Archinect
anchor

Housing Options for a Managing Principal

You've made it to the final installment in my series. It's been a long road: You started off years ago as an entry-level intern architect, worked your way up through the middle ranks, got married along the way, and now you're finally a managing principal at your firm. Now you're finally living the dream.

The 2015 AIA Compensation Report describes your position as follows:

"Licensed architect or other licensed design professional with direct oversight for a market sector, discipline, department or office, who establishes and implements goals and objectives, develops and promotes the firm's values and long-range plans, positions the firm for growth and ensures profitability. Responsible for establishing overall goals and objectives and coordinating implementation plans. In conjunction with other senior leaders, is responsible for realization of profits compatible with interests of clients and the firm. Develops and promotes the firm's vision, mission, core values, and long-range plans. Oversees and controls operations and activities to promote achievement of the firm's objectives. Implements policies established by the board. Participates in creating and positioning the firm to take advantage of opportunities for growth and marketplace expansion. Ensures profitability, quality enhancement, and professional development. May be responsible for some of the tasks of the Director of Human Resources at small to mid-size firms."

My numbers are based on the average base pay for this position, and the following assumptions:

1) Crucially, you've managed to marry somebody who makes roughly the same amount of money you do, and you may or may not have kids living at home. Each of the properties shown has at least three bedrooms.

2) Housing affordability is based on your combined household income, $1000 monthly debt payments (hopefully you've paid off your student loans by now and haven't gone crazy with credit cards), 4.5% APR, and a 20% down payment thanks to the equity you've built up in your previous home and/or inheriting some money from mom and dad.

3) At this point in your career I'm assuming you aren't taking the bus to work, but I show commute times via public transit if it's faster than driving.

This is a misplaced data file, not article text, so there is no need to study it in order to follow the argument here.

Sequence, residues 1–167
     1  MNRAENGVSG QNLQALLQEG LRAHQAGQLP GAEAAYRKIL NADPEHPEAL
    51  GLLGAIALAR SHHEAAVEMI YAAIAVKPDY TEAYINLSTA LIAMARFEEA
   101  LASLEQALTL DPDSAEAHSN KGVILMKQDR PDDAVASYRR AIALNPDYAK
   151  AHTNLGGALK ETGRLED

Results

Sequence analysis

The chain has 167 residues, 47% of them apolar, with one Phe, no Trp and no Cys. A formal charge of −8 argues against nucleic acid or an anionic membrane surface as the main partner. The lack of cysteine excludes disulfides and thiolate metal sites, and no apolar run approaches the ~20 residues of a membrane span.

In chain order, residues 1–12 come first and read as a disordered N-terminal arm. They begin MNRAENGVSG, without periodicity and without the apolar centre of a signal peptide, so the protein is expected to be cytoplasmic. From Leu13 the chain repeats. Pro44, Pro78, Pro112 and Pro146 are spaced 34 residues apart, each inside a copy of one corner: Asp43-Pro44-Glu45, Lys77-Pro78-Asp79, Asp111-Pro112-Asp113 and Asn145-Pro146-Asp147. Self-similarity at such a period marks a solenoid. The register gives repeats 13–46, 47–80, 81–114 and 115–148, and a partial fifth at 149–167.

4) You've reached a point in your career where you can afford to be somewhat picky about your housing situation, and if you haven't chosen to design and build your own home, you've at least chosen a place that reflects your values as an architect as well as the zeitgeist of its locale.

Sources:

USAA Housing Affordability Calculator: https://www.usaa.com/inet/pages/advice_mortgage_affordability_calculator_main

Realtor.com

Let's get started:

Cincinnati, OH
Mean salary: $111,700
Combined income: $223,400
Max. home price: $1,126,700
Down payment: $225,350
Monthly payment: $6633

Shown here: 5 bed / 5 bath, Mount Lookout
Commute time: 15 minutes (drive to downtown)

http://www.realtor.com/realestateandhomes-detail/1330-Observatory-Dr_Cincinnati_OH_45208_M40355-37946

Asheville, NC
Mean salary: $141,800
Combined income: $283,600
Max. home price: $1,476,100
Down payment: $295,220
Monthly payment: $8690

Shown here: 4 bed / 4.5 bath, North Asheville
Commute time: 18 minutes (drive to downtown)

http://www.realtor.com/realestateandhomes-detail/345-Lynn-Cove-Rd_Asheville_NC_28804_M53290-14806

Jacksonville, FL
Mean salary: $107,400
Combined income: $214,800
Max. home price: $1,076,800
Down payment: $215,360
Monthly payment: $6339

Shown here: 3 bed / 2.5 bath, Atlantic Beach
Commute time: 28 minutes (drive to downtown)

http://www.realtor.com/realestateandhomes-detail/77-19th-St_Atlantic-Beach_FL_32233_M55410-22252

Chicago, IL
Mean salary: $133,500
Combined income: $267,000
Max. home price: $1,379,800
Down payment: $275,960
Monthly payment: $8123

Shown here: 5 bed / 4 bath, Lincoln Park
Commute time: 26 minutes (Red Line subway to State / Madison)

http://www.realtor.com/realestateandhomes-detail/1143-W-Drummond-Pl_Chicago_IL_60614_M73252-91361

Boston, MA
Mean salary: $172,100
Combined income: $344,200
Max. home price: $1,827,800
Down payment: $365,570
Monthly payment: $10,760

Shown here: 3 bed / 3 bath, North End
Commute time: 15 minutes (Orange Line subway to Downtown Crossing)

http://www.realtor.com/realestateandhomes-detail/7-Jackson-Ave_Boston_MA_02113_M38123-69274?ex=MA596624993

Philadelphia, PA
Mean salary: $139,700
Combined income: $279,400
Max. home price: $1,451,700
Down payment: $290,350
Monthly payment: $8546

Shown here: 7 bed / 5.5 bath / 4 stables, West Mount Airy
Commute time: 51 minutes (Regional Rail to Suburban Station)

http://www.realtor.com/realestateandhomes-detail/6925-Scotforth-Rd_Philadelphia_PA_19119_M36190-39587

New York, NY
Mean salary: $158,000
Combined income: $316,000
Max. home price: $1,664,200
Down payment: $332,830
Monthly payment: $9797 + HOA

Shown here: 3 bed / 2 bath, Morningside Heights
Commute time: 36 minutes (1/2/3 subway to Fulton Street)

http://www.realtor.com/realestateandhomes-detail/520-W-110th-St-Apt-3A_New-York_NY_10025_M43721-27698?ex=NY596765773

Los Angeles, CA
Mean salary: $142,900
Combined income: $285,800
Max. home price: $1,488,900
Down payment: $297,780
Monthly payment: $8765

Shown here: 3 bed / 3 bath, Hollywood Hills
Commute time: 45 minutes (Red Line subway to Pershing Square)

http://www.realtor.com/realestateandhomes-detail/3600-Multiview-Dr_Los-Angeles_CA_90068_M21369-92258

Seattle, WA
Mean salary: $146,500
Combined income: $293,000
Max. home price: $1,530,700
Down payment: $306,140
Monthly payment: $9011

Shown here: 3 bed / 3 bath, Bainbridge Island
Commute time: 54 minutes (Ferry to Pioneer Square)

http://www.realtor.com/realestateandhomes-detail/244-Parfitt-Way-SW_Bainbridge-Island_WA_98110_M12519-05029

San Francisco, CA
Mean salary: $163,600
Combined income: $327,200
Max. home price: $1,729,200
Down payment: $345,830
Monthly payment: $10,179